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: Maybe I am just getting cold feet. Dean
: I'm telling you right now British women do not age well. Eight years ago she was a luscious treat, you know, she probably looked like, you know, Baby Spice, now she could look like... Jonathan
: Old Spice.
: I hate to break up a good thing, but we have half a dozen strippers waiting for us, we're late. Halley
: You mean exotic dancers? Dean
: No, I actually mean strippers.
: So... you write for the obituary? Dean
: Absolutely. Bloomingdale's Salesman
: Hmm. You must be very proud. Dean
: Uh-huh. I'm the one with the last word. Bloomingdale's Salesman
: Not tonight. Dean
: Yes, I am. Bloomingdale's Salesman
: Don't think so. Dean
: Absolutely. Bloomingdale's Salesman
: Fat chance. Dean
: Still talking! Bloomingdale's Salesman
: Last line!
: You're the shit!
[man next to him on plane looks over at him thinking he's talking to him
: [to the guy
] That would be me, the shit.
: Contrary to popular New York myth the Times is not omniscient.
: [commenting on Jonathan's craziness
] They should make pills for this stuff.
: What's wrong? You all right? Jonathan
: Her name's Sara Thomas.
[Jonathan hands Dean the book
: How? Jonathan
: Halley gave it to me as a wedding present.
: Jonathan Trager, prominent television producer for ESPN, died last night from complications of losing his soul mate and his fiancee. He was 35 years old. Soft-spoken and obsessive, Trager never looked the part of a hopeless romantic. But, in the final days of his life, he revealed an unknown side of his psyche. This hidden quasi-Jungian persona surfaced during the Agatha Christie-like pursuit of his long reputed soul mate, a woman whom he only spent a few precious hours with. Sadly, the protracted search ended late Saturday night in complete and utter failure. Yet even in certain defeat, the courageous Trager secretly clung to the belief that life is not merely a series of meaningless accidents or coincidences. Uh-uh. But rather, its a tapestry of events that culminate in an exquisite, sublime plan. Asked about the loss of his dear friend, Dean Kansky, the Pulitzer Prize-winning author and executive editor of the New York Times, described Jonathan as a changed man in the last days of his life. "Things were clearer for him," Kansky noted. Ultimately Jonathan concluded that if we are to live life in harmony with the universe, we must all possess a powerful faith in what the ancients used to call "fatum", what we currently refer to as destiny.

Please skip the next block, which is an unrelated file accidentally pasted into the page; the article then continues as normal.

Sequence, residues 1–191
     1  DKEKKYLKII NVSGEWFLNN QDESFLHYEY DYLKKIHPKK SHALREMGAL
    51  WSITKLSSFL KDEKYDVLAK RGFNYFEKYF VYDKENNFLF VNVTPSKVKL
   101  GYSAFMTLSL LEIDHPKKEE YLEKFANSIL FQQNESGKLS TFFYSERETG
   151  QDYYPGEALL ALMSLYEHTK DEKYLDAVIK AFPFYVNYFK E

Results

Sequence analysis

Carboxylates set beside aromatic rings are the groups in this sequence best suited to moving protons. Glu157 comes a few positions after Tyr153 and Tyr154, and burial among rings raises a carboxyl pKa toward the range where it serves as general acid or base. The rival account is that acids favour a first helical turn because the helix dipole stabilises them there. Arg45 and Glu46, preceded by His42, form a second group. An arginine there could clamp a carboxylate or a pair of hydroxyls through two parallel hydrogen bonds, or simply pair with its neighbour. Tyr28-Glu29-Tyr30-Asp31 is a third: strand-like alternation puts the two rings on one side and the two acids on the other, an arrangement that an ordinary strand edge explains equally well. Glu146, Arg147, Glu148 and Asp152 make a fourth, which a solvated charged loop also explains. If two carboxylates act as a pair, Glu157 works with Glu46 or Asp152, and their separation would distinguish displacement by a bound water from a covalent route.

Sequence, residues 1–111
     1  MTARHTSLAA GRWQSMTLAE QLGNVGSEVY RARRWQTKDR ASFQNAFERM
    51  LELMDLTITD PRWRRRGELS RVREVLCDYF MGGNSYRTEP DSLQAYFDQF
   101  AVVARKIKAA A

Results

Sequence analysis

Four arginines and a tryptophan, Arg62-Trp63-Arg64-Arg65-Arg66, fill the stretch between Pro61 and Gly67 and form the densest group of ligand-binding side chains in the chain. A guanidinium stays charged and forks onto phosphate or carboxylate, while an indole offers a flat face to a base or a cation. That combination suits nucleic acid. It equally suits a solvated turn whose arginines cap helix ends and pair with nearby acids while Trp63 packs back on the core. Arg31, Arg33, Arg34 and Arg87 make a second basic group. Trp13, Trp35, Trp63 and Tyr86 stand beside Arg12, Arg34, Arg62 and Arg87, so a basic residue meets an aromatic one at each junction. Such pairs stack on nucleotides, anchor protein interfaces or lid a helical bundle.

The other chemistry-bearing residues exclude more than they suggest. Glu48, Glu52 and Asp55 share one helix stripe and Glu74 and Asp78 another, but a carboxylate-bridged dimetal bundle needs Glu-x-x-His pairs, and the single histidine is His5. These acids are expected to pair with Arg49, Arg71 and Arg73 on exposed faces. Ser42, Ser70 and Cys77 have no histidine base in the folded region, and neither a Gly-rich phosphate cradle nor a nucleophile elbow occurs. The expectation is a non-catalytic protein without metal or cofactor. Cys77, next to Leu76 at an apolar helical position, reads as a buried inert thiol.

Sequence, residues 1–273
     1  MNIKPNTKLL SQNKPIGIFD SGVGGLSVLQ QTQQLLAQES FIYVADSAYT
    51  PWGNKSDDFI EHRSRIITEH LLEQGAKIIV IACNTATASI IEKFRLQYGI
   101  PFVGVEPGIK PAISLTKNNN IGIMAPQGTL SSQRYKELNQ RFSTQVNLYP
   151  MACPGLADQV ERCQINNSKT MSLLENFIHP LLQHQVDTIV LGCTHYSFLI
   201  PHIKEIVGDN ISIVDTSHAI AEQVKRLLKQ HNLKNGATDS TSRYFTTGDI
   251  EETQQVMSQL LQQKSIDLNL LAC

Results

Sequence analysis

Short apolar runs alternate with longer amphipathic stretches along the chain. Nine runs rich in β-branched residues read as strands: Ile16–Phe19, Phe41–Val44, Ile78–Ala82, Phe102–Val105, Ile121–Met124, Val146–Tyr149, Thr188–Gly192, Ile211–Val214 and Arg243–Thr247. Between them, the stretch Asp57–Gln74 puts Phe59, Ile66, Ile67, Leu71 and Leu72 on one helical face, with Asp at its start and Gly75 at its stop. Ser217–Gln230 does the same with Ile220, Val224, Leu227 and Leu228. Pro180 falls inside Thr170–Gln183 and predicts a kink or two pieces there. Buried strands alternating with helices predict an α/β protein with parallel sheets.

: Forget about privacy laws. You know what privacy laws do? Leasing Office Temp
: No. Jonathan
: They protect millionaires. You know who those millionaires are? Leasing Office Temp
: Who? Jonathan
: Tell him who they are. Tell him. Dean
: Kids your age. Pimple-faced college drop outs who have made unhealthy sums of money forming internet companies that create no concrete products, provide no viable services, and still manage to generate profits for all of its lazy day-trading son-of-a bitch shareholders. Meanwhile, as a tortured member of the disenfranchised proletariat, you find some altruistic need to protect these digital plantation-owners? Jonathan
: [reacting to Dean's speech
: Come on.
: You know the Greeks didn't write obituaries. They only asked one question after a man died: "Did he have passion?".
: [Lying on the grass with Jonathan, outside Sara's house
] Maybe we're lying here because you don't wanna be standing somewhere else.
: If you want to improve, be content to be thought foolish and stupid.
: It's like Halley is "The Godfather Part 2". Dean
: She's what? Jonathan
: "The Godfather Part 2"! That was an incredible movie. Might be better than the original, alright? But don't matter how much you love "The Godfather Part 2", you still have to see the original to understand and appreciate the sequel.